Extending LLVM: Adding instructions, intrinsics, types, etc.
  1. Introduction and Warning
  2. Adding a new intrinsic function
  3. Adding a new instruction
  4. Adding a new type
    1. Adding a new fundamental type
    2. Adding a new derived type

Written by Misha Brukman, Brad Jones, and Chris Lattner

Introduction and Warning

During the course of using LLVM, you may wish to customize it for your research project or for experimentation. At this point, you may realize that you need to add something to LLVM, whether it be a new fundamental type, a new intrinsic function, or a whole new instruction.

When you come to this realization, stop and think. Do you really need to extend LLVM? Is it a new fundamental capability that LLVM does not support at its current incarnation or can it be synthesized from already pre-existing LLVM elements? If you are not sure, ask on the LLVM-dev list. The reason is that extending LLVM will get involved as you need to update all the different passes that you intend to use with your extension, and there are many LLVM analyses and transformations, so it may be quite a bit of work.

Adding an intrinsic function is easier than adding an instruction, and is transparent to optimization passes which treat it as an unanalyzable function. If your added functionality can be expressed as a function call, an intrinsic function is the method of choice for LLVM extension.

Before you invest a significant amount of effort into a non-trivial extension, ask on the list if what you are looking to do can be done with already-existing infrastructure, or if maybe someone else is already working on it. You will save yourself a lot of time and effort by doing so.

Adding a new intrinsic function

Adding a new intrinsic function to LLVM is much easier than adding a new instruction. Almost all extensions to LLVM should start as an intrinsic function and then be turned into an instruction if warranted.

  1. llvm/docs/LangRef.html: Document the intrinsic. Decide whether it is code generator specific and what the restrictions are. Talk to other people about it so that you are sure it's a good idea.
  2. llvm/include/llvm/Intrinsics.h: add an enum in the llvm::Intrinsic namespace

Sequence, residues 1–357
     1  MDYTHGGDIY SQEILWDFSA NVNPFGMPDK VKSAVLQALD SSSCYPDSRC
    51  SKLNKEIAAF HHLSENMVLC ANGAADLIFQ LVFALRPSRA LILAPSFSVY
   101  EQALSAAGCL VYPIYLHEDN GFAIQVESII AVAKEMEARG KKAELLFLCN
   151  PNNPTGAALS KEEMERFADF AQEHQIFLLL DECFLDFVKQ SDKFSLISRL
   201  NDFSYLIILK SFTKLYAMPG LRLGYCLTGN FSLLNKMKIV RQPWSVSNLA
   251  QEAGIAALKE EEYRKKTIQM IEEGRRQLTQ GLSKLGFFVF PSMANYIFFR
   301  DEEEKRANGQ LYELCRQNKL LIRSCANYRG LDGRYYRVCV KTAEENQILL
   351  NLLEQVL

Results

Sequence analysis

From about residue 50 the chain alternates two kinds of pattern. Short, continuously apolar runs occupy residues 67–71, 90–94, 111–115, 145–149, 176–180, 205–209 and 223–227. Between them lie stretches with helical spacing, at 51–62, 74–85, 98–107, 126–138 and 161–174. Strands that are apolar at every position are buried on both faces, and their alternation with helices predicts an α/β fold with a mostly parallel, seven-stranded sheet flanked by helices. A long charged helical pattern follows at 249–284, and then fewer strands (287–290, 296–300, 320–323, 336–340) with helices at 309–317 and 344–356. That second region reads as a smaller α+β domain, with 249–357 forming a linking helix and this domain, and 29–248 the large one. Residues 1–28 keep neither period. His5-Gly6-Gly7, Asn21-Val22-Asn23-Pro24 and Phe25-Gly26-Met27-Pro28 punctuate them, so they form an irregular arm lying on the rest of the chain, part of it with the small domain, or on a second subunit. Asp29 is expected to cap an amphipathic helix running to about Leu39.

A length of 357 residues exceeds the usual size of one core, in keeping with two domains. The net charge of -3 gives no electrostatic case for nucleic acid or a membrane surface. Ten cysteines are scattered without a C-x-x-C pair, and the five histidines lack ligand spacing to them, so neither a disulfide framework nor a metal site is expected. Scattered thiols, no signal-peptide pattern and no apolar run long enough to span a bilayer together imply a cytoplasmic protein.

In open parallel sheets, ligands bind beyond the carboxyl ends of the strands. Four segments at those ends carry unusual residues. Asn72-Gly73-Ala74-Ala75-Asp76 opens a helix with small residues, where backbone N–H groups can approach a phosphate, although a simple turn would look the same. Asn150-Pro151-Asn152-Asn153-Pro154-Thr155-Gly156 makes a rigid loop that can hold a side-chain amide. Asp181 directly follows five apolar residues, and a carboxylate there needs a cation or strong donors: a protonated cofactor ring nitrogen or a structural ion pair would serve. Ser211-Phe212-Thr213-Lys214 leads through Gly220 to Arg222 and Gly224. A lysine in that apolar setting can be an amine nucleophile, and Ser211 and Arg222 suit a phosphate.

3. llvm/lib/VMCore/Verifier.cpp: Add code to check the invariants of the intrinsic are respected.
  4. llvm/lib/VMCore/Function.cpp (Function::getIntrinsicID()): Identify the new intrinsic function, returning the enum for the intrinsic that you added.
  5. llvm/lib/Analysis/BasicAliasAnalysis.cpp: If the new intrinsic does not access memory or does not write to memory, add it to the relevant list of functions.
  6. llvm/lib/Transforms/Utils/Local.cpp: If it is possible to constant fold your intrinsic, add support to it in the canConstantFoldCallTo and ConstantFoldCall functions.
  7. Test your intrinsic
  8. llvm/test/Regression/*: add your test cases to the test suite

Once the intrinsic has been added to the system, you must add code generator support for it. Generally you must do the following steps:

Add support to the C backend in lib/Target/CBackend/
Depending on the intrinsic, there are a few ways to implement this. First, if it makes sense to lower the intrinsic to an expanded sequence of C code in all cases, just emit the expansion in visitCallInst. Second, if the intrinsic has some way to express it with GCC (or any other compiler) extensions, it can be conditionally supported based on the compiler compiling the CBE output (see llvm.prefetch for an example). Third, if the intrinsic really has no way to be lowered, just have the code generator emit code that prints an error message and calls abort if executed.
Add a enum value for the SelectionDAG node in include/llvm/CodeGen/SelectionDAGNodes.h
Also, add code to lib/CodeGen/SelectionDAG/SelectionDAG.cpp (and SelectionDAGPrinter.cpp) to print the node.
Add code to SelectionDAG/SelectionDAGISel.cpp to recognize the intrinsic.
Presumably the intrinsic should be recognized and turned into the node you added above.